Satirical depictions of religious leaders should be illegal, says Ottawa imam.
This is a fascinating study in the art of getting things completely backwards. It should be mentioned up front that this guy (wrong-headed though he otherwise is) does denounce the terrorist attacks and refer to the terrorists as
disturbed individuals—he’s disingenuous but not an apologist for monsters. (Nor did he claim that the Charlie Hebdo cartoonists bore the responsibility for their own deaths, unlike some old, white, male Christians¹.) That said:
"Imtiaz Ahmed...said it should be against the law to publish cartoons that depict religious figures in a derogatory way.
“Of course we defend freedom of speech, but it has to be balanced. There has to be a limit. There has to be a code of conduct,” Ahmed said."
“We believe that any kind of vulgar expression about any sacred person of any religion does not constitute the freedom of speech in any way at all.”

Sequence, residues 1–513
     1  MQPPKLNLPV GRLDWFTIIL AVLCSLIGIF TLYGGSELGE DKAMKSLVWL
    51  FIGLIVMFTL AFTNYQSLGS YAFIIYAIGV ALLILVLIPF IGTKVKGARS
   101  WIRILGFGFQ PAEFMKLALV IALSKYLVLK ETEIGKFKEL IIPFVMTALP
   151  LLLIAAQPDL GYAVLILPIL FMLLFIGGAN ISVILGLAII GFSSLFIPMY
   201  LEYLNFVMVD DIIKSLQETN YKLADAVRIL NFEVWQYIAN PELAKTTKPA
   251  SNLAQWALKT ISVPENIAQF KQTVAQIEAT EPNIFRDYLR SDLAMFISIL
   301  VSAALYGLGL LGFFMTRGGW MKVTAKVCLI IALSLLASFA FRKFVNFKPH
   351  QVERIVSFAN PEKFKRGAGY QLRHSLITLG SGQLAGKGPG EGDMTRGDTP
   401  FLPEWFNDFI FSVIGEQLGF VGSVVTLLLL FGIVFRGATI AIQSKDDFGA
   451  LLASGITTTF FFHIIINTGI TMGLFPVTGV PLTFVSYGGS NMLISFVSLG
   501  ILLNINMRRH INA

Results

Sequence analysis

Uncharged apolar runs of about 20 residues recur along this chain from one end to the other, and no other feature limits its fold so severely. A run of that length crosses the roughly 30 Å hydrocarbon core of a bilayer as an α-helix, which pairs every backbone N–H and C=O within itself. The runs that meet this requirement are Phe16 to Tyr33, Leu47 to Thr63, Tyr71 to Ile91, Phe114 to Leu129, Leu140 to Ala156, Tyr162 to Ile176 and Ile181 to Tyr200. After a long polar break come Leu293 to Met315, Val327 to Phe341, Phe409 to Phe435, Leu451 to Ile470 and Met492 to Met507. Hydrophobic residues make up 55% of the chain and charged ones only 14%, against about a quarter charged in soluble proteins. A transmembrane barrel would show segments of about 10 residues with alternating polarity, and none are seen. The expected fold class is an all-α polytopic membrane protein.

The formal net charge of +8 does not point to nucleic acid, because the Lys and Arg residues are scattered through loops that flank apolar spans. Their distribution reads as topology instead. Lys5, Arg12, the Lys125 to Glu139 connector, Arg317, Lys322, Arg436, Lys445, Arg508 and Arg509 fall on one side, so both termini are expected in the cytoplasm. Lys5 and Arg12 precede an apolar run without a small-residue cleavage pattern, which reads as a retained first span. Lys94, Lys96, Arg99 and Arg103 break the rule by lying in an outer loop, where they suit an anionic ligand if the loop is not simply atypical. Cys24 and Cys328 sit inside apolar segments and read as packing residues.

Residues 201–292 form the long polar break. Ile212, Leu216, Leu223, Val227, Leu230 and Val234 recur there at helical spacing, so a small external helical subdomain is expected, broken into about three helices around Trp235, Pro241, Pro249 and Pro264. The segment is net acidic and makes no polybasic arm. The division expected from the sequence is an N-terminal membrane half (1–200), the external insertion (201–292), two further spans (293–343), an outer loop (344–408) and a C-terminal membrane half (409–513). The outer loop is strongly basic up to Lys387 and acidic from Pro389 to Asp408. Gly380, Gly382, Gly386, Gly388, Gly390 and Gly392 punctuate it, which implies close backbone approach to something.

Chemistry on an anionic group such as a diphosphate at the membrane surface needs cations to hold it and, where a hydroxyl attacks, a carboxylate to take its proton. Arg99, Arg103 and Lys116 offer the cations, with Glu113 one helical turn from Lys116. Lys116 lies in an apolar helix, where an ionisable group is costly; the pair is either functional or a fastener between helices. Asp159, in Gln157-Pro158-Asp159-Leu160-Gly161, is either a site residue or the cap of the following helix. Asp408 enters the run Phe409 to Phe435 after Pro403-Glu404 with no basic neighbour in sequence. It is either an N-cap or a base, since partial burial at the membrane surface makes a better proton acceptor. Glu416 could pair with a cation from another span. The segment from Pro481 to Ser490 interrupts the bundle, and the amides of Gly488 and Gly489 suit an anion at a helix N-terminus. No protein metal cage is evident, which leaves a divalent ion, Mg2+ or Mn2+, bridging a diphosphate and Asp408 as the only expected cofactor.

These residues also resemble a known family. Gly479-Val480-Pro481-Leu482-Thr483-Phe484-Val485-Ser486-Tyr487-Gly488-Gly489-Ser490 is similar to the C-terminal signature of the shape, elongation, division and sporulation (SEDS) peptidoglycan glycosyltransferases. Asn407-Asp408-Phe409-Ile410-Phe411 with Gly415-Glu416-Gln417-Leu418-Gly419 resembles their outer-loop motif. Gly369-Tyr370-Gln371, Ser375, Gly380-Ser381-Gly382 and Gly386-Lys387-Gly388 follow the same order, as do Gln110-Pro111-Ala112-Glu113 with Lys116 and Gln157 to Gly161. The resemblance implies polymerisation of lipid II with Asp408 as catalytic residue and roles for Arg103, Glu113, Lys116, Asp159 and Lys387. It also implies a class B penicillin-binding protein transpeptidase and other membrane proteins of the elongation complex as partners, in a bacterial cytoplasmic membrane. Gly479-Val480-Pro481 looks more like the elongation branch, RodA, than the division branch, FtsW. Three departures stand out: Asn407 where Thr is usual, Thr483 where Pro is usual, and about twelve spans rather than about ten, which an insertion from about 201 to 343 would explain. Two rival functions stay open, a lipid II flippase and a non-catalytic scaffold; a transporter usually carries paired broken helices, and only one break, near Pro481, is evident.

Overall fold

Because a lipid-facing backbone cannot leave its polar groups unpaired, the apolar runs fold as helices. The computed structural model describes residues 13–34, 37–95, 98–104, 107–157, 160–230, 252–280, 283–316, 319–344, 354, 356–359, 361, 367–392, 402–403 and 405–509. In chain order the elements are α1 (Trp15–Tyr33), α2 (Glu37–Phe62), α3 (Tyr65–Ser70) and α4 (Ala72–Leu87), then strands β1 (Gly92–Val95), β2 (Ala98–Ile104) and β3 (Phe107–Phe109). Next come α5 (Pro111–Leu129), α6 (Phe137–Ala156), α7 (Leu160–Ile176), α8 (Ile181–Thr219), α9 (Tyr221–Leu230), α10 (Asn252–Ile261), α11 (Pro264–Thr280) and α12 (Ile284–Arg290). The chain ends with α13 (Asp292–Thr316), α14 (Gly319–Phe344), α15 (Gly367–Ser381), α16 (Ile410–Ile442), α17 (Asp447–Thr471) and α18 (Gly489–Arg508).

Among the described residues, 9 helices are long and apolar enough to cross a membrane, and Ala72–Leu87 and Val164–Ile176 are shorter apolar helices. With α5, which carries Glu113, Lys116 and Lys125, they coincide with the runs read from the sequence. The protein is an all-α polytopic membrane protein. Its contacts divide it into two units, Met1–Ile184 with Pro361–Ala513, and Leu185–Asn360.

Ahmed said there should be limits placed on freedom of speech to prevent the publication of offensive material. He says that seems to be the case for events such as the Holocaust. Members of the public denounce those who say the Holocaust never happened.
It’s worth noting that his position is in fact against free speech. He’s for free speech…unless it’s just too offensive. However, the legal right to free speech is entirely about offensive speech; after all, it’s only once speech has been deemed offensive that anyone wants to silence it, and therefore only offensive speech ever needs, and uses, legal protection. In practice, “free speech except for really offensive speech’ is exactly equivalent to no free speech at all. (Incidentally, his words are incredibly offensive to free speech advocates; but of course he wants special protection only for religious speech, on the basis of…who knows?)
His remark about public denouncement of Holocaust denial is an even more stunning miss, because public denouncement of offensive remarks is precisely what free speech advocates strive for. Legal protection of free expression necessarily includes the protection of responses to said speech. That’s the whole idea of the principle: Let everyone speak their mind, and let those who are in the wrong be defeated by having their ideas exposed, rebutted, and rejected, not by shutting them up and forcing them to nurse their grievances and resentment in private.
Stephane Charbonnier, the paper’s publisher, was killed today in the slaughter. It is too bad that he didn’t understand the role he played in his tragic death. Bill Donohue, everybody.